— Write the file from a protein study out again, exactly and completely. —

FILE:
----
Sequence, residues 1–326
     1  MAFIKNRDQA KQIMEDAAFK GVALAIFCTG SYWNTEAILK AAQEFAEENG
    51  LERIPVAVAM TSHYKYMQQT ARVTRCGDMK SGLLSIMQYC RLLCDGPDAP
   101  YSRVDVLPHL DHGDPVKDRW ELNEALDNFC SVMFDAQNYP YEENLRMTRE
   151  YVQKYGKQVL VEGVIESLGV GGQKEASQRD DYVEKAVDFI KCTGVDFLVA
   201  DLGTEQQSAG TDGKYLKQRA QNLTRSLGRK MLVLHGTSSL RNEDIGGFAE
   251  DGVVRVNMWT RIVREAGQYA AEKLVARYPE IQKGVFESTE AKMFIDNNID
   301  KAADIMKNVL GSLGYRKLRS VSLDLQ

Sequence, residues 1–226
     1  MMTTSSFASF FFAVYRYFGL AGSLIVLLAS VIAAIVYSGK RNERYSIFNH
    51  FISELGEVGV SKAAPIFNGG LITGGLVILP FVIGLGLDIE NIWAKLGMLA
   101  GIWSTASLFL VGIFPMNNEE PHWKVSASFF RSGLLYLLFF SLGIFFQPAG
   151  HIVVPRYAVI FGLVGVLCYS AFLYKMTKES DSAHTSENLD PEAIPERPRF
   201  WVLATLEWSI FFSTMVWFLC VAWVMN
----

Sequence, residues 1–326
     1  MAFIKNRDQA KQIMEDAAFK GVALAIFCTG SYWNTEAILK AAQEFAEENG
    51  LERIPVAVAM TSHYKYMQQT ARVTRCGDMK SGLLSIMQYC RLLCDGPDAP
   101  YSRVDVLPHL DHGDPVKDRW ELNEALDNFC SVMFDAQNYP YEENLRMTRE
   151  YVQKYGKQVL VEGVIESLGV GGQKEASQRD DYVEKAVDFI KCTGVDFLVA
   201  DLGTEQQSAG TDGKYLKQRA QNLTRSLGRK MLVLHGTSSL RNEDIGGFAE
   251  DGVVRVNMWT RIVREAGQYA AEKLVARYPE IQKGVFESTE AKMFIDNNID
   301  KAADIMKNVL GSLGYRKLRS VSLDLQ

Sequence, residues 1–226
     1  MMTTSSFASF FFAVYRYFGL AGSLIVLLAS VIAAIVYSGK RNERYSIFNH
    51  FISELGEVGV SKAAPIFNGG LITGGLVILP FVIGLGLDIE NIWAKLGMLA
   101  GIWSTASLFL VGIFPMNNEE PHWKVSASFF RSGLLYLLFF SLGIFFQPAG
   151  HIVVPRYAVI FGLVGVLCYS AFLYKMTKES DSAHTSENLD PEAIPERPRF
   201  WVLATLEWSI FFSTMVWFLC VAWVMN